Just saw "Da V inci Code".... -1 reply

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jumjum

Write heavy; write hard.

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11th April 2005

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#1 12 years ago

What a huge, steaming pile of twisted crapola. I am truly confused about this frantic search for Mary Magdalene. I thought the point made by just about everybody who explained anything in the film was that Jesus was a sweet guy, but not the son of God.

Okay, fine, but why then are we desperate to find the "Holy Grail" when, by the movie's definition, it's not holy? She's just some ancient guy's wife, no?

And then even if, under this movie's logic, we decide that Jesus was divine, how the heck does that render his bed buddy worthy of all this to-do? We're not talking about the Mary who was the mother of Jesus, for whom a coherent argument can be made that by bearing a divine being she herself became to some degree divine. No, under the divine-Jesus interpretation, the movie can only be saying that God's Brood Cow, not herself of the royal blood, is somehow worthy of a huge fuss. Why?

Assuming Jesus's divinity, she's worth nothing except to those who wish to denounce the Roman Catholic Church (and I'm still hazy over how, according to the movie, this was going to rock the foundations of those grouchy old papists).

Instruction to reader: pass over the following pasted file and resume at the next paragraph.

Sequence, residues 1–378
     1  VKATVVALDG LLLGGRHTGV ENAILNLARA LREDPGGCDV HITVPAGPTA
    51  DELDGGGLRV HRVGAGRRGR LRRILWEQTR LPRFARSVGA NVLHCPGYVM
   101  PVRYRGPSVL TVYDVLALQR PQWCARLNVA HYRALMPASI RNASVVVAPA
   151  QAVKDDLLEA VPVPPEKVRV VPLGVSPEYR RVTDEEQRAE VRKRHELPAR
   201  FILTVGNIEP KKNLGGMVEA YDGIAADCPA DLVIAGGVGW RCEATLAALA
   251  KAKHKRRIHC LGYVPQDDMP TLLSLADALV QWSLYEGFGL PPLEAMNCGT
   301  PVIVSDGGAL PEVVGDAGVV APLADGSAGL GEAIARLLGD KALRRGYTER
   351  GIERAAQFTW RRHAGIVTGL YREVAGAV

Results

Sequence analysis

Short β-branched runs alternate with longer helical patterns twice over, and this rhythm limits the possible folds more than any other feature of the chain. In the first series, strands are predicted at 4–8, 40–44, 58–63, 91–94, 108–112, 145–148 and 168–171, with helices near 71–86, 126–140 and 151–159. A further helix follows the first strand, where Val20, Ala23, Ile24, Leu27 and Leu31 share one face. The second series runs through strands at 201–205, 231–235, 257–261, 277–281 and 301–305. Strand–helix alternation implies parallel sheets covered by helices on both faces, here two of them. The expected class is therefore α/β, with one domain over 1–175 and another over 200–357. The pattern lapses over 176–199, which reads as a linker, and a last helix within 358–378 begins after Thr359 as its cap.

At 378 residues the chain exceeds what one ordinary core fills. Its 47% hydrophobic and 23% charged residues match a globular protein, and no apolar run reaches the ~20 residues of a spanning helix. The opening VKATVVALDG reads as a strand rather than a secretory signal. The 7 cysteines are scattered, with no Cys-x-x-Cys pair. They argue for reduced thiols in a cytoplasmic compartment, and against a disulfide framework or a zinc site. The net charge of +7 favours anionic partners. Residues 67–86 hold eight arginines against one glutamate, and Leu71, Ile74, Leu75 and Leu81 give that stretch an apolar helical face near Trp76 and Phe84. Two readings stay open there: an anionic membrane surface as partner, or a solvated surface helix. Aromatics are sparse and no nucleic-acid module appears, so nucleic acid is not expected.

But then why all the bother over Mary Magdalene herself by the Templars and Priories and Keepers? What is the logic of why she mattered, in this story, to them? Okay, I can see that if a divine Jesus bore children with Mary, this might be interesting, and you might want to keep her for reliquary purposes. But the important persons in such a set of facts, are thsoe who are "the bloodline of God". That means the direct descendants themselves, not the "human" side of any couple necessary to bear a new generation. Sheesh. So for the divine-Jesus set, Sophie should be the entire point, not Mary Magdalene.

And finally, what is to be made of this prayerful pose that a kneeling Tom Hank's takes as he determines that the Mag is buried under the crystal pyramid at the entrance of The Louvre? (And in the movie did anybody wonder to ask who wrote the note in the cryptex, or when it was written, and when the pyramid under the entrance at the Louvre was placed, or when Mag's sarcophagus was moved there, and whether it's all chronologically possible?) There's nothing about what Langdon's just experiecned in the past 18 or so hours as portrayed in the movie that in any logical way could have renewed his lapsed faith as a Catholic. If anything it should have hardened his disbelief. So what is worshipful of?